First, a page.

Manitoba to explore future all-weather roads to northern remote communities

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WINNIPEG, Man. — The province of Manitoba is launching an engineering study to look at potential routes for future all-weather roads to remote communities in northern Manitoba, according to an announcement from Infrastructure and Transportation Minister Steve Ashton.

The province will focus on remote communities in northern Manitoba that do not have all-weather road access and are not already being addressed by the Manitoba East Side Road Authority, said Ashton.

“This study will help determine possible routes for all-weather roads to these remote communities and supports our strategy to expand and promote development in the north,” he said.  “The conditions we’ve seen from recent winters show that we have to take steps to improve transportation to these communities.” 

The communities in the study are Churchill, Shamattawa, York Landing, Ilford, Pikwitonei, Thicket Portage, Pukatawagan, Brochet, Lac Brochet and Tadoule Lake.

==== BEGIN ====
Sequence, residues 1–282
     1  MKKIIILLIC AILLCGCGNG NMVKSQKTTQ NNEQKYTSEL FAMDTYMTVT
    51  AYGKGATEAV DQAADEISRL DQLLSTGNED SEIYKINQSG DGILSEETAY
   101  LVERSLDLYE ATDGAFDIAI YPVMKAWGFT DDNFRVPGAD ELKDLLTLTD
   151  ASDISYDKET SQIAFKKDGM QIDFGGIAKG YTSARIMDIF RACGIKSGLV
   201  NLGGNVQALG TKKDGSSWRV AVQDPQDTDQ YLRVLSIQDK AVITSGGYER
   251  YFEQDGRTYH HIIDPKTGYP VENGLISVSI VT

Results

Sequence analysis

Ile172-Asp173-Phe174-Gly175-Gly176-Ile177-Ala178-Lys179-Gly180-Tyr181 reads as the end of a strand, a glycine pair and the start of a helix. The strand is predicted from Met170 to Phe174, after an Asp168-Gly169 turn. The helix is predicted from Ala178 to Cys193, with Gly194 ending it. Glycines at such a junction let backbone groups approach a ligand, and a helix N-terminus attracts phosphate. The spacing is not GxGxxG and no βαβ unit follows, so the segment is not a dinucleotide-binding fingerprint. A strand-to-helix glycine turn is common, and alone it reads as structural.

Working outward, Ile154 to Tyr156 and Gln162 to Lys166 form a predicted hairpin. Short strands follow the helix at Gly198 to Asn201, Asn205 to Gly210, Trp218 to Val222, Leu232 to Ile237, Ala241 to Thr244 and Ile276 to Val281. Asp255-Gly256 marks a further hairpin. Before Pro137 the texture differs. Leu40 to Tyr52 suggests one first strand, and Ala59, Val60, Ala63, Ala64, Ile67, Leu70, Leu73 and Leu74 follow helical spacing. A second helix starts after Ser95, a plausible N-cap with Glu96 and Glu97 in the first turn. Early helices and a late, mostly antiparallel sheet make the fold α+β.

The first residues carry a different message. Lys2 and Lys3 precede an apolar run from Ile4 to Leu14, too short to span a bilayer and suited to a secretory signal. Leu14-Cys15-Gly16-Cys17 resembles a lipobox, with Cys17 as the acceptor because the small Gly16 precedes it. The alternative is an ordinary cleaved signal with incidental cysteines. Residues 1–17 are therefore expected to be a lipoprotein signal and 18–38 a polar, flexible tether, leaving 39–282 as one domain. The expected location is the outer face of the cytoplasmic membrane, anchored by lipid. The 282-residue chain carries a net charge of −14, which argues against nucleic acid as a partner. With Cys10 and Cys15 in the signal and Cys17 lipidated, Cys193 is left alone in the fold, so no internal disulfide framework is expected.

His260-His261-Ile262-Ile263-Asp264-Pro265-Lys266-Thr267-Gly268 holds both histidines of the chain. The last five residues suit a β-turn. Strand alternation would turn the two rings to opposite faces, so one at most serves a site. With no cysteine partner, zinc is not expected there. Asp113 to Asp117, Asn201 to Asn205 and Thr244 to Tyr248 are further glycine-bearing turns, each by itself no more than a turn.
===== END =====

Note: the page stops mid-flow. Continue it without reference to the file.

Transportation in these areas supports social and economic development opportunities, emergency services and other important aspects of community development, said Ashton.  While transportation is available in some communities through rail, winter roads and provincially operated airports, the lack of all-weather roads means transportation costs are significantly higher for these communities.

The Manitoba East Side Road Authority has contracted SNC-Lavalin to study potential all-weather route options for the northern portion of the east side of Lake Winnipeg. The authority is developing a network that involves two separate roads in the north, one from the Island Lake region to Norway House and PR 373, and a separate southern network from Poplar River south servicing regional communities while preserving forests intact in almost the entire east side, the minister said. 

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